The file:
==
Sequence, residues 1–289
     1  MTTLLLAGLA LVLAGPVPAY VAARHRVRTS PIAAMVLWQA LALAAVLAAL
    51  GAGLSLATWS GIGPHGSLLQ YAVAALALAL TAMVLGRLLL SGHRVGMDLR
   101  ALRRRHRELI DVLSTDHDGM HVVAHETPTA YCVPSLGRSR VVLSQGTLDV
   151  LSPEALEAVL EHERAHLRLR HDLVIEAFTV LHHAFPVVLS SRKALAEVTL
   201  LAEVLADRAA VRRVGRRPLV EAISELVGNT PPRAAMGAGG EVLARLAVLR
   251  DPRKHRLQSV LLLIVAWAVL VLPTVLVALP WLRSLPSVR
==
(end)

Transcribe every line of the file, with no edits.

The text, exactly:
Sequence, residues 1–289
     1  MTTLLLAGLA LVLAGPVPAY VAARHRVRTS PIAAMVLWQA LALAAVLAAL
    51  GAGLSLATWS GIGPHGSLLQ YAVAALALAL TAMVLGRLLL SGHRVGMDLR
   101  ALRRRHRELI DVLSTDHDGM HVVAHETPTA YCVPSLGRSR VVLSQGTLDV
   151  LSPEALEAVL EHERAHLRLR HDLVIEAFTV LHHAFPVVLS SRKALAEVTL
   201  LAEVLADRAA VRRVGRRPLV EAISELVGNT PPRAAMGAGG EVLARLAVLR
   251  DPRKHRLQSV LLLIVAWAVL VLPTVLVALP WLRSLPSVR